Down with jet lag
Journeys across several time zones make our internal body clocks go haywire. We feel exhausted and tense, and our sleep pattern is out of synch. As scientists at the Max Planck Institute for Biophysical Chemistry have now succeeded in demonstrating for mice, the clocks associated with individual organs in the body adapt to the new time at different speeds. As a result, the body's physiological processes are no longer coordinated.
The adrenal gland plays a key role in this process. When the researchers switched off the adrenal clock or manipulated the synthesis of corticosterone by the adrenal gland with the help of metyrapone, the rodents adapted more quickly to the altered circadian rhythm. These insights could pave the way for a new approach to the hormonal treatment of the effects of jet lag and shift work. (Journal of Clinical Investigation, June 23, 2010).
Be they professional footballers on their way to the World Cup in South Africa or ordinary holidaymakers: people who cross several time zones by jet are prone to certain symptoms for a few days after the flight. During the day, they are crippled with exhaustion; at night they lie awake tossing and turning, unable to sleep, and many of the body's functions are activated at the wrong time. What we have here is a clear case of jet lag. Our "internal body clock", which still beats to our old rhythm of day and night, must adapt to the new external time. The process works, however: after a few days, we feel in synch with the outside world again.
The problems that arise with jet lag are a clear example of how external influences can disrupt our internal body clock. An entire network of molecular clocks found in the different organs coordinate the body's various physiological processes ranging from the heart beat, temperature, sleep requirement and hormone balance to behaviour. All of these clocks are controlled by the master pacemaker of the hypothalamic suprachiasmatic nuclei (SCN), which synchronises all of the body's "peripheral" clocks with the outside world. At molecular level, all of the clocks are based on a handful of "clock" genes and proteins that regulate each other interactively and thus generate a molecular time signal in the form of a circadian rhythm - a term which originates from the Latin for approximately (circa) and day (dies).
Scientists at the Max Planck Institute for Biophysical Chemistry have for the first time systematically studied how individual "clock" genes and the internal clocks of the different organs synchronise with the new external time in the case of jet lag. The researchers were surprised by their findings. "The internal clocks and the 'clock' genes adapt to the altered external influences at varying speeds," says Gregor Eichele, Director of the Institute's Genes and Behaviour Department. "When an organism suffers from jet lag, it would appear that the entire clock mechanism fails to tick at the right rhythm. As a result, numerous physiological processes are no longer coordinated."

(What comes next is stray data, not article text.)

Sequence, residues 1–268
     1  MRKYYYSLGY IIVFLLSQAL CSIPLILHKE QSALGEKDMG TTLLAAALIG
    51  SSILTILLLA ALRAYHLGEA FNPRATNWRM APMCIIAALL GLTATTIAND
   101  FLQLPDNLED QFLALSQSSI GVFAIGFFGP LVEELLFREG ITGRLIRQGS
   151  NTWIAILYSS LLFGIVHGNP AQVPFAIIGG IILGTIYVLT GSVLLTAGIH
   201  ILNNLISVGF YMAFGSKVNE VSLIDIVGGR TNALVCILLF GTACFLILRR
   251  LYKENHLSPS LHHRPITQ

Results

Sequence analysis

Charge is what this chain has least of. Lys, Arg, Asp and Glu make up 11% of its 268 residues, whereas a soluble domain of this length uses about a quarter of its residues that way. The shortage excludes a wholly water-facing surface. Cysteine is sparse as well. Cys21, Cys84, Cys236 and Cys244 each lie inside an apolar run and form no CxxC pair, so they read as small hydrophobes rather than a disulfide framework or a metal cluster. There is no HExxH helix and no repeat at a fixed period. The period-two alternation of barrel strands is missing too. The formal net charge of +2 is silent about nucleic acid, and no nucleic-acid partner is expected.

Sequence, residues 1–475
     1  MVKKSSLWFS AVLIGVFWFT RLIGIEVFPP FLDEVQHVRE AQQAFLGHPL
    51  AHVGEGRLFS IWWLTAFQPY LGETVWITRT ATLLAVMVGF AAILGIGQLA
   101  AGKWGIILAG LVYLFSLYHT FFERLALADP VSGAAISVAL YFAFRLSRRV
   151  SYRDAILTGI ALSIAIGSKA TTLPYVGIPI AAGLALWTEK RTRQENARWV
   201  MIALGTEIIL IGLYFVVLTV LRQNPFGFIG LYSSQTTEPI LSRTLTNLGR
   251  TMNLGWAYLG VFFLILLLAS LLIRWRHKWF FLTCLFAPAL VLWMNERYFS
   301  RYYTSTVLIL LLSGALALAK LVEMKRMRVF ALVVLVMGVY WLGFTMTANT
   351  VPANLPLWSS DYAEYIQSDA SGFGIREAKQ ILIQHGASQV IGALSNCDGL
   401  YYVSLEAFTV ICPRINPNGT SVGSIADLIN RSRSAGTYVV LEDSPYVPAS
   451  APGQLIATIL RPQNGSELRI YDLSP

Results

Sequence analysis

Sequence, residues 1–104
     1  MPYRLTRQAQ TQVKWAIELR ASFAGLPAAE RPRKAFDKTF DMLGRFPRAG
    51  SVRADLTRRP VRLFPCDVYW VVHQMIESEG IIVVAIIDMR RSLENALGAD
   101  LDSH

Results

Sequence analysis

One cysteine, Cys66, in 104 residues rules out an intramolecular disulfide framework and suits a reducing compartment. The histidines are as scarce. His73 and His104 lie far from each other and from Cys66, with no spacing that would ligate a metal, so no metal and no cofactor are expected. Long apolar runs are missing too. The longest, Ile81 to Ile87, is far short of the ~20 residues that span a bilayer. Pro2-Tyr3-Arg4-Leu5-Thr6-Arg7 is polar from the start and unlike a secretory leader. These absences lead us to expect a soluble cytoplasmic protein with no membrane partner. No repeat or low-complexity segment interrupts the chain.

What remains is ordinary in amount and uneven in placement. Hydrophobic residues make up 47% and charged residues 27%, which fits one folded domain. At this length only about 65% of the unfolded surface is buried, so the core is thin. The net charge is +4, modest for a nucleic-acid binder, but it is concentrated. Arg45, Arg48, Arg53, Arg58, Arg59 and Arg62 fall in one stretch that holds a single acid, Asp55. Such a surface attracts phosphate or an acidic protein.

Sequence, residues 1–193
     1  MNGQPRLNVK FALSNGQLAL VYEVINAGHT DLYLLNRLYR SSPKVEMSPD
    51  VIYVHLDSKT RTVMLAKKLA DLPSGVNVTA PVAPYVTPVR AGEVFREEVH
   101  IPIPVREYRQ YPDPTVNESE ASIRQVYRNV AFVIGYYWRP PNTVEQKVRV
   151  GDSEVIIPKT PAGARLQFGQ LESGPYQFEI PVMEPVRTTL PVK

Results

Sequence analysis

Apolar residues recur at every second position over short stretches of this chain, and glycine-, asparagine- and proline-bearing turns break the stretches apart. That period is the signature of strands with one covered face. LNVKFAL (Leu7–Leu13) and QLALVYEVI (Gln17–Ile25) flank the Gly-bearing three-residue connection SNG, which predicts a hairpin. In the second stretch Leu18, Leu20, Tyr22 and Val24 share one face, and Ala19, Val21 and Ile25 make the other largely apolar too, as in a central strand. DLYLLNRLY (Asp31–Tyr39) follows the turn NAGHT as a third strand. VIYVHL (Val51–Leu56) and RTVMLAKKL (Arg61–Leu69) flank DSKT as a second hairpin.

Adrenal clock stabilises the status quo
As the Göttingen-based researchers discovered, the adrenal clock plays a key role in the body's adaptation to a new circadian rhythm. When the scientists switched off the adrenal clock in mice, the rodents adapted their behaviour more quickly to the new time and made a more rapid return to their laps on the wheel in synch with the new external time. Therefore, a functioning adrenal clock keeps the organism in a temporally stable state and halts the excessively rapid adaptation of the central clock in the SCN. Physiologically, this makes complete sense. Sporadic light changes - a dark stormy sky or dark cinema - do not disrupt the entire clock mechanism. In the case of jet lag, however, this is precisely what causes the problem.
It is not necessary, however, to switch off the entire adrenal clock to enable the mice to better recover from jet lag. The experiments carried out by the researchers give reason to hope that a less drastic solution may be possible. The adrenal gland produces a series of important hormones, including adrenaline, noradrenaline and corticosterone (cortisol in humans). Completely switching off the adrenal clock would not, therefore, be advisable. "The time-dependent release of corticosterone was crucial in enabling our rodents to adapt more quickly to the new time," explains Eichele. When the scientists administered the active agent metyrapone to the mice, their corticosterone rhythm changed as did their sleeping/waking rhythm. "If the mice were given metyrapone at the right time, they adapted faster to the disturbed circadian rhythm. While the 'sleep hormone' melatonin, which is commonly used to treat jet lag, mainly acts by generating tiredness and is therefore more suitable for use when flying east than west, with metyrapone, the mice's internal clock can be turned both forwards and back," explains junior scientist Silke Kießling.
New treatment approaches
The insights of the Göttingen scientists could produce an entirely new approach to the treatment of jet lag in the future. Metyrapone is already approved as a medication for the treatment of the overproduction of glucocorticoids and mineralcorticoids. However, it remains to be demonstrated in "field trials" and tests in the sleep laboratory whether the administration of metyrapone is suitable for the treatment of jet lag, and whether it has any side effects in humans. "Our results from the mouse model are not necessarily transferable to humans," stresses Henrik Oster, who heads the research group "Circadian Rhythms". "With our mouse mutants, we have an excellent system on which we can base our search for chronobiologically effective substances. However, it remains to be confirmed by clinical studies whether these are as effective in humans as they are in nocturnal animals like mice."